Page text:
Five miles of hiking uphill would land you at the cabin I was raised in. Water came from a hand pump, light from a kerosene lantern, heat from a wood cook stove, milk from a series of goats – always inexplicably named “Billie” – and fresh greens from our garden. My father hunted ducks, pheasants, and venison. My mother made bread, tofu, and wild berry preserves. We all fished for trout! In the spring, we gathered mushrooms, miner’s lettuce, and in summer, wild onions. In the fall we gathered berries, and more mushrooms. One day a week, we would rest, read, take a stroll, play Dominoes or Scrabble, sing with Mom while she played the guitar. For a child who had never known of television or the shopping mall, it was the ideal life.

Three or four times a year, my grandparents would come to visit. They would park their car at the end of the road, shoulder huge packs, and trudge their way to our cabin. While our high Sierra lifestyle was rewarding, there were many things we could not grow, gather, or shoot, and some of these things had to be brought in. My grandfather would always carry a twenty pound bag of brown rice and a few gallons of kerosene. Grandma would carry several pounds of fresh and dried fruit, a pound or two of loose leaf tea, new jeans for one of us, and sometimes a simple toy for me – a yo-yo, jump rope or top. All of these items were hugely anticipated and appreciated . . . but the thing my parents would hug to their chests when the packs were opened was tea.

2304182078_efd0b6456b_zAlthough I had those few simple toys, working with my parents on our five acres was my life. From the time I could tell the difference between a”pretty rock?” and a vegetable seedling, I was put to work picking up the former and weeding around the latter. When my mother made tofu, I was given a little bowl and cheesecloth. When my father split shingles for our cabin, I picked up and stacked the shingles. I learned to add by playing dominoes and to read from playing Scrabble or listening to my father read aloud from one of the ten books we owned. When I thought of things I wanted, they were mostly practical items . . . a rake and a shovel that were just my size; or a pair of scissors of my own.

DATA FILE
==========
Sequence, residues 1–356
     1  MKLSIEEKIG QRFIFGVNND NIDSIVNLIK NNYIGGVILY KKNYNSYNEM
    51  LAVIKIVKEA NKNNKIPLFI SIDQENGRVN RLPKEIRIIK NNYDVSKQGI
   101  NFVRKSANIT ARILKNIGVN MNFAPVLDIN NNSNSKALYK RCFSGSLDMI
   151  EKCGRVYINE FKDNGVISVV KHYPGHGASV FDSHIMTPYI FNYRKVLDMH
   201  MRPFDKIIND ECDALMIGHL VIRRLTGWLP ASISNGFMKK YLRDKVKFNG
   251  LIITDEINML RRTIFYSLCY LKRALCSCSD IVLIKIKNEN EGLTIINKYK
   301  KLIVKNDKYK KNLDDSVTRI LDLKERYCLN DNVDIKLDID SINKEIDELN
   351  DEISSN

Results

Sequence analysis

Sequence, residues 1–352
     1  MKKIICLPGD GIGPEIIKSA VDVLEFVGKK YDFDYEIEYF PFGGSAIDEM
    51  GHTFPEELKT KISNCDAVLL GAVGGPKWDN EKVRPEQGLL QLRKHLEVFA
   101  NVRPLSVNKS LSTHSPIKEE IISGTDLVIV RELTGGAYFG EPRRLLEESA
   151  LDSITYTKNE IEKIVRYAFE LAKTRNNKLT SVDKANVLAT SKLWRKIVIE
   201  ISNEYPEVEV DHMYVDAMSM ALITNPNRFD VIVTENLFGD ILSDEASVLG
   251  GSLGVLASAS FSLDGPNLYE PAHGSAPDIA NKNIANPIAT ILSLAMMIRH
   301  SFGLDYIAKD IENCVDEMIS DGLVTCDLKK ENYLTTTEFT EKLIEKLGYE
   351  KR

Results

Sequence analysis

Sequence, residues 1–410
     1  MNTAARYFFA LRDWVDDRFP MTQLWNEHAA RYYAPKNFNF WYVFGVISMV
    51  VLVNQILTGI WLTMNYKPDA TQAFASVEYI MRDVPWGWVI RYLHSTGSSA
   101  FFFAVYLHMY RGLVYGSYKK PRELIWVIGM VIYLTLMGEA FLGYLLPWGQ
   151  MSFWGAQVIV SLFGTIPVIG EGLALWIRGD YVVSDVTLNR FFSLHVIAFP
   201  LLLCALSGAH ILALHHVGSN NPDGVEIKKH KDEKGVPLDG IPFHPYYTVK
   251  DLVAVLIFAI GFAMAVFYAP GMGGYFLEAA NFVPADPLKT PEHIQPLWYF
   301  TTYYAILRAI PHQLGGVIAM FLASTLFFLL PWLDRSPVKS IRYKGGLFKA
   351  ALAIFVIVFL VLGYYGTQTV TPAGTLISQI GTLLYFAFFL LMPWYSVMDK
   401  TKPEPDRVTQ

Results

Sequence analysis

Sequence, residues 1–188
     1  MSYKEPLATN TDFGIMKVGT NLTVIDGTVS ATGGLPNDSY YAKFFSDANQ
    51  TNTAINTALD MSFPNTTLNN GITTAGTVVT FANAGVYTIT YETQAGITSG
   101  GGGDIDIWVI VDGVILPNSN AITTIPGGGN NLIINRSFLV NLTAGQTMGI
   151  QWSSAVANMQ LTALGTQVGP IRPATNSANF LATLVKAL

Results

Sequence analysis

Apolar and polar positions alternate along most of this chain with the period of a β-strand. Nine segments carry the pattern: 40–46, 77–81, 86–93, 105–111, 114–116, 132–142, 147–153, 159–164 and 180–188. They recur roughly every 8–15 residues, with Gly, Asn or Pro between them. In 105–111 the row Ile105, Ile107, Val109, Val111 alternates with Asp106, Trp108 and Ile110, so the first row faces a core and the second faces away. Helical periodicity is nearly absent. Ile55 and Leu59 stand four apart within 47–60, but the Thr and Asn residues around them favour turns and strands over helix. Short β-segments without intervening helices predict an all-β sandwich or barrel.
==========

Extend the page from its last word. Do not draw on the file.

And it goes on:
So it was perfect that during one of my grandparents’ visits, Grandma brought me my own 6758822445_0228b40709_zChild’s Tea Set. It was packed in a pressed paper box, and contained a teapot, sugar and creamer dishes; four saucers and four cups. It was beautiful, and I loved it! I was, at five years old, a seasoned tea drinker. I had made tea for my parents on many a work day. When I was nine years old, we moved back to the world of traffic and institutions. My only regret is that we never took any photographs of those nine years in the country, but I can still see my father and mother, sunburned and windblown, standing in the goat pen, each cradling a child’s tiny teacup and saucer. To this day I have the tea set, although one saucer was broken during a raucous tea party with imaginary guests.

This post was originally published January 28, 2008.  Written by the mysterious contributor, Rosie Pussytoes, she no longer appears on the contributor page for T Ching.

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